The decision of el-Sisi to overthrow Morsi is not the first such step in the Egyptian military’s history. Gamal Abdel Nasser was among the leaders of the Free Officers movement in 1952. One of its consequences was ouster of King Farouk and the genesis of modernization in Egypt and the pan-Arabist ideology. Nasser actively encouraged revolutions in other Arab countries as well.

It is also widely known that Nasser acted against the Muslim Brotherhood and the Communists at the same time, including curbing their political activities in 1954 following a Brotherhood-perpetrated attempt on his life. His successor, Sadat, certainly adopted some of Nasser’s methods, when he got rid of a rebellious army chief. Neither was Hosni Mubarak a stranger to playing this risky game, as he took advantage of Sadat's assassination to instill himself as a dictatorial leader, only to be dethroned 40 years later.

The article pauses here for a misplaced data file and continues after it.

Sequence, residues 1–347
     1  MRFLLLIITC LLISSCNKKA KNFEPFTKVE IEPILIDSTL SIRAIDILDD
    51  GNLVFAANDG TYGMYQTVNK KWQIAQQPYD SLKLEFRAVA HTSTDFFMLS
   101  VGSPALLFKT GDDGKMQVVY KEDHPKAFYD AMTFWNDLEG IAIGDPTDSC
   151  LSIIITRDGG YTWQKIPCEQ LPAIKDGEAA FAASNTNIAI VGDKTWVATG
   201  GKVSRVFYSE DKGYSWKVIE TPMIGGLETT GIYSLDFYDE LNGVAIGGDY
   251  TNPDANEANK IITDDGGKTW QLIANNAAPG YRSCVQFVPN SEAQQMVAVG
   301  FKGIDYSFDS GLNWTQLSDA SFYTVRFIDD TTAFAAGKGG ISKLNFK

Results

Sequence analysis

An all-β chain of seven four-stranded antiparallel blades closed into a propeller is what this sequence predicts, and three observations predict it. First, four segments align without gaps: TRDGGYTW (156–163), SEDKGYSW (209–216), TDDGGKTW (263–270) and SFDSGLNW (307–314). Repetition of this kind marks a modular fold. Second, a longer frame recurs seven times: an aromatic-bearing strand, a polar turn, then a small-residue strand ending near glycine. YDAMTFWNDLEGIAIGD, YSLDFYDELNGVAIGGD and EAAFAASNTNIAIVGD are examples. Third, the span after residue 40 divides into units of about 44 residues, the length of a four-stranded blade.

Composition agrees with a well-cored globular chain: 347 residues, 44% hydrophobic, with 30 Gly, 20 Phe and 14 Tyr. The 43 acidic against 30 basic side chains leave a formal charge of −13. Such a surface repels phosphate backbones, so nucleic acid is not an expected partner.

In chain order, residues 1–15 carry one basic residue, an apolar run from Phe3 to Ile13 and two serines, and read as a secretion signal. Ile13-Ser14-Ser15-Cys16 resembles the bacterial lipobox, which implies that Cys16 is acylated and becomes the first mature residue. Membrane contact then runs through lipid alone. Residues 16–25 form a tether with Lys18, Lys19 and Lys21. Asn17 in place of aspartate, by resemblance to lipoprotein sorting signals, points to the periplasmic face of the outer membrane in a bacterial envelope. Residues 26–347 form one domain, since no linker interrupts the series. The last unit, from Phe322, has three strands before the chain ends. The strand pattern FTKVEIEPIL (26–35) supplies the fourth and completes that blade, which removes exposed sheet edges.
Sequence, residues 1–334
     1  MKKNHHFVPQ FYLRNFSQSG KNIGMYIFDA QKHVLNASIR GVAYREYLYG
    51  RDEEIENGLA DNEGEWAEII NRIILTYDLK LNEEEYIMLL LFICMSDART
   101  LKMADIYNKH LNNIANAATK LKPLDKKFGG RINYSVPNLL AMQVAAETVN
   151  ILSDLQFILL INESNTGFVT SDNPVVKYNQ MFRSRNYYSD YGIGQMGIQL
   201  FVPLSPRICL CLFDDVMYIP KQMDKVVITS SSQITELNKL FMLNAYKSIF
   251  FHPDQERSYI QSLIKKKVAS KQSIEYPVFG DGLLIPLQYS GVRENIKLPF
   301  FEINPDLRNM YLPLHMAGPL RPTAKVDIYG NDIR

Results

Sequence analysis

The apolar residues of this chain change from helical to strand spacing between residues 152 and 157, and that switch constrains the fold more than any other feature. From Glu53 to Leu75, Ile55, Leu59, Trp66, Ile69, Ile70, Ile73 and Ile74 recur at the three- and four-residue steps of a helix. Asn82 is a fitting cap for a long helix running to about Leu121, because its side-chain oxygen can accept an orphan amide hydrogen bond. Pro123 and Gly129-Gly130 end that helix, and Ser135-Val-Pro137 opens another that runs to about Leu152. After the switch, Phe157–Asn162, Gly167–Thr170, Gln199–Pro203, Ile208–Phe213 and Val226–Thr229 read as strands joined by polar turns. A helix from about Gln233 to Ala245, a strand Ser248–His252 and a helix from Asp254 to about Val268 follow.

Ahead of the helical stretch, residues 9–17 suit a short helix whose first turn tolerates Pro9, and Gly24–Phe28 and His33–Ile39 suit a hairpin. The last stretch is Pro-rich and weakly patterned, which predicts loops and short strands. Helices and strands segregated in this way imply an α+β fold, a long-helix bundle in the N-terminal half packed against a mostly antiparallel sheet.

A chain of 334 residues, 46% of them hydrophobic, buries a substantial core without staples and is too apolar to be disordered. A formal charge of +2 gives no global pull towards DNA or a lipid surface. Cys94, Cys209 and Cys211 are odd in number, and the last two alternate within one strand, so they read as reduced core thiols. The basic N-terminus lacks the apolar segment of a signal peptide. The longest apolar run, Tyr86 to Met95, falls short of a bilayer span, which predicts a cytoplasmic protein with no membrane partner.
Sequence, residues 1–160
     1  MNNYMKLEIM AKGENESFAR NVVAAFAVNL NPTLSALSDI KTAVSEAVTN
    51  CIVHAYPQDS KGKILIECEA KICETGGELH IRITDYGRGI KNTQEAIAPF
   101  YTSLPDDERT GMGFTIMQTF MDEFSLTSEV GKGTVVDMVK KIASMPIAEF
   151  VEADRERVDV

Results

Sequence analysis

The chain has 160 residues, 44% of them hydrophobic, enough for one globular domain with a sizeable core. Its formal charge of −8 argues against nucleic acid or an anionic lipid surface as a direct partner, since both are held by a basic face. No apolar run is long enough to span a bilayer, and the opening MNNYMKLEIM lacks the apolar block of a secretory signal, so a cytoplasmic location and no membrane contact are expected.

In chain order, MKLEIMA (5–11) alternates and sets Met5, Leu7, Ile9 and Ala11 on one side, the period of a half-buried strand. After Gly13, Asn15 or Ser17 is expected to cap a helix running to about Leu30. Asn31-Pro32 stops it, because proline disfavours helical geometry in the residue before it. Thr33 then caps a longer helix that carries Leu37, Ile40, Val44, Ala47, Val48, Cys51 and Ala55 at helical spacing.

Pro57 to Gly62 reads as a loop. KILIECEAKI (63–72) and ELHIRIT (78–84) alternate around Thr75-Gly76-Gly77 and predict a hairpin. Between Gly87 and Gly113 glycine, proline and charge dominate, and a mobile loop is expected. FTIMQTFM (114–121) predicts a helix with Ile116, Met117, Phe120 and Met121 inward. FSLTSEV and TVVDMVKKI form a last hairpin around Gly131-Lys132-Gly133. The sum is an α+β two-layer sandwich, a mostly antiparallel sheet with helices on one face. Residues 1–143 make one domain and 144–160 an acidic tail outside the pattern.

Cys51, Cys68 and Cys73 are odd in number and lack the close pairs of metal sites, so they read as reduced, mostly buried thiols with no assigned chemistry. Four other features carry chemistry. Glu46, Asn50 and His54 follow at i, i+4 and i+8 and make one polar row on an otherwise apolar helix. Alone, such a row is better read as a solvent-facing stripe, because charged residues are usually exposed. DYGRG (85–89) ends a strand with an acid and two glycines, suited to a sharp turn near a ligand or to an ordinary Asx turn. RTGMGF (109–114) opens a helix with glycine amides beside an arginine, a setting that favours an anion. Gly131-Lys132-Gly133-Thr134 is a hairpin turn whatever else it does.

Considering all that, Morsi and al-Sisi are truly not at the heart of the matter. Any keen observer of the political changes in Egypt should have no difficulty to discern the pattern of a military-backed politician seizing the rule in the aftermath of a full-blown coup.

Morsi's first and final mistake was coming to power through the proper electoral channels – which made him easily disposable. Let's hope the leaders in the Egyptian government understand the foundations of the state’s security apparatus. Whether we like it or not, it’s a government structure to be reckoned with, among other political considerations.

The army is the strongest factor in Egypt. Therefore, no elected president will stand a chance to run the country without a natural knack for dealing with the military.

A military state will be led by no other force, and a failure to accept it led to Morsi's downfall, putting an end to the Muslim Brotherhood's dream of coming into power.

Maysa Abu Ghannam is a Palestinian author and journalist from East Jerusalem.
مقال لي ترجم للانجليزية من قبل موقع اي 24 نبوز حول اسباب خسارة الاخوان في مصر